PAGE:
Upon returning home from Desert Storm, McColgan penned a song with the Dropkick Murphys titled “Far Away Coast.” Part of the lyrics read: “Sail away to a place that’s unknown / Taken away from my friends and my home / To a place they call sacred, a place I call hell / I long for that corner I once knew so well.” These words resonate with soldiers stationed overseas who miss everything they left behind in America.
The Street Dogs continue to address topics close to the hearts of men and women in uniform. As the band’s bass player, Johnny Rioux, explained in a phone interview, “The title track to our new record, Back to the World, was written about Mike’s experience in Desert Storm and how he just wanted to get ‘back to the world.’ That’s the phrase those guys would use, which basically meant eating at McDonald’s and going to the movies and hanging out with your girlfriend.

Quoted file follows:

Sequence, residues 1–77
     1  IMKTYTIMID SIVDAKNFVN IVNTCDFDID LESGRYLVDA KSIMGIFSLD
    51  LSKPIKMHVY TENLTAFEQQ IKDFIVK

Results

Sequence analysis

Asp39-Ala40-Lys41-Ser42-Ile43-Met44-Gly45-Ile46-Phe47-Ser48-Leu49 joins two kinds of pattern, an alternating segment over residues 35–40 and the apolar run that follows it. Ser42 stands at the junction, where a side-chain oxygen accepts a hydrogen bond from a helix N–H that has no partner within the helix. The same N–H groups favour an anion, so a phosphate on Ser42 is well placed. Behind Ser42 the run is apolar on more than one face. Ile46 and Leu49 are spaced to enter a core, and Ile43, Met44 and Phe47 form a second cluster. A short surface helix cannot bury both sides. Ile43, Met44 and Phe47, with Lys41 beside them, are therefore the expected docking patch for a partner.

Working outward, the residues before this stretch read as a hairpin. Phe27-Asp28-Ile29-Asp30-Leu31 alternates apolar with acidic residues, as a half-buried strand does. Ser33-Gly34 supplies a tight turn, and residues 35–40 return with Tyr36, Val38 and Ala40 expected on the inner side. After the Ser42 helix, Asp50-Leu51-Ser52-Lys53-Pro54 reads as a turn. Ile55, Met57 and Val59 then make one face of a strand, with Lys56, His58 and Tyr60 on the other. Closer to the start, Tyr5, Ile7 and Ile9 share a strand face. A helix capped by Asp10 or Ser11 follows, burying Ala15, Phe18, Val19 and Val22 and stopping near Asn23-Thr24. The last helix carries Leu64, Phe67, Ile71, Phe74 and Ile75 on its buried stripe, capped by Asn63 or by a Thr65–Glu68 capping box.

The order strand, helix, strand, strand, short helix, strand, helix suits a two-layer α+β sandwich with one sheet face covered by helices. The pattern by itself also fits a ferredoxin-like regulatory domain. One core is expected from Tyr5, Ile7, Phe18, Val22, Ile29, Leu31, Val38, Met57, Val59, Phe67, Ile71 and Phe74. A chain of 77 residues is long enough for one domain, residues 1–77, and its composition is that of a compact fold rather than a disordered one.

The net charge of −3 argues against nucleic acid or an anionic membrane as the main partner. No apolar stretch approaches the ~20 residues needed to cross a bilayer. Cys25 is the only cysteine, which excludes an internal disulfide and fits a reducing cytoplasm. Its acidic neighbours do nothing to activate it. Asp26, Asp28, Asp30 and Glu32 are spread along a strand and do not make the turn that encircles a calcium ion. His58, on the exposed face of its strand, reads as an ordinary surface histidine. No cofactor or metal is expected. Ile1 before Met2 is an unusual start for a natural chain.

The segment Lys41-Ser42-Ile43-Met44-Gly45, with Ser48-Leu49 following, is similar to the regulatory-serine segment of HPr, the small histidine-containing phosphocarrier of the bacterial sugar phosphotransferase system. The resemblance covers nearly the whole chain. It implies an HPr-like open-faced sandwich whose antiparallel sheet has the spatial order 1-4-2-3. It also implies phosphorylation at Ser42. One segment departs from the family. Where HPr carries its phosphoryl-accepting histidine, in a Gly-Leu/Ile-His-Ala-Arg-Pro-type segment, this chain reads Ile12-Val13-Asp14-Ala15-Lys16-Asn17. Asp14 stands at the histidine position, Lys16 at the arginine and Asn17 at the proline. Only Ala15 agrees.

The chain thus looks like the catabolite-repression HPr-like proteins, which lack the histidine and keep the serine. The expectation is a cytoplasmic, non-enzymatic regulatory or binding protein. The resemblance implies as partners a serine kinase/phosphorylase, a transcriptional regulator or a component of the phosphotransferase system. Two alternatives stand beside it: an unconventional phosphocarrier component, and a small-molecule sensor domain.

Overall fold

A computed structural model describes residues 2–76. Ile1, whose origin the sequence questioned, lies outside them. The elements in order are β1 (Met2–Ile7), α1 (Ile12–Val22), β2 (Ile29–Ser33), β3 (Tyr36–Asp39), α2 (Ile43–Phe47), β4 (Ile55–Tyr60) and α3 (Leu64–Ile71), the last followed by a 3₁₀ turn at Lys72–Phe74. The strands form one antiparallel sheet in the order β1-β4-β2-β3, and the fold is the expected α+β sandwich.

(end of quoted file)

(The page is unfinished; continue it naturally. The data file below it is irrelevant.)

“Soldiers are writing us,” Rioux continued, “to say, ‘Thank you for writing this song. It gets us through the day, and it brings us strength.’”
In turn, the Street Dogs make clear their support for our servicemen and women. “‘Back to the World’ has a part that says, ‘I’m not a policymaker / I’m just a sworn order taker / doing my best just to stay alive,’” said McColgan. “We definitely dug into our feelings on the war, and we also dug into our feelings on how we support soldiers, regardless of our thoughts on the policies. We still support the soldiers and have a level of empathy and sympathy for them because I’ve walked the line, and I know what it’s like.”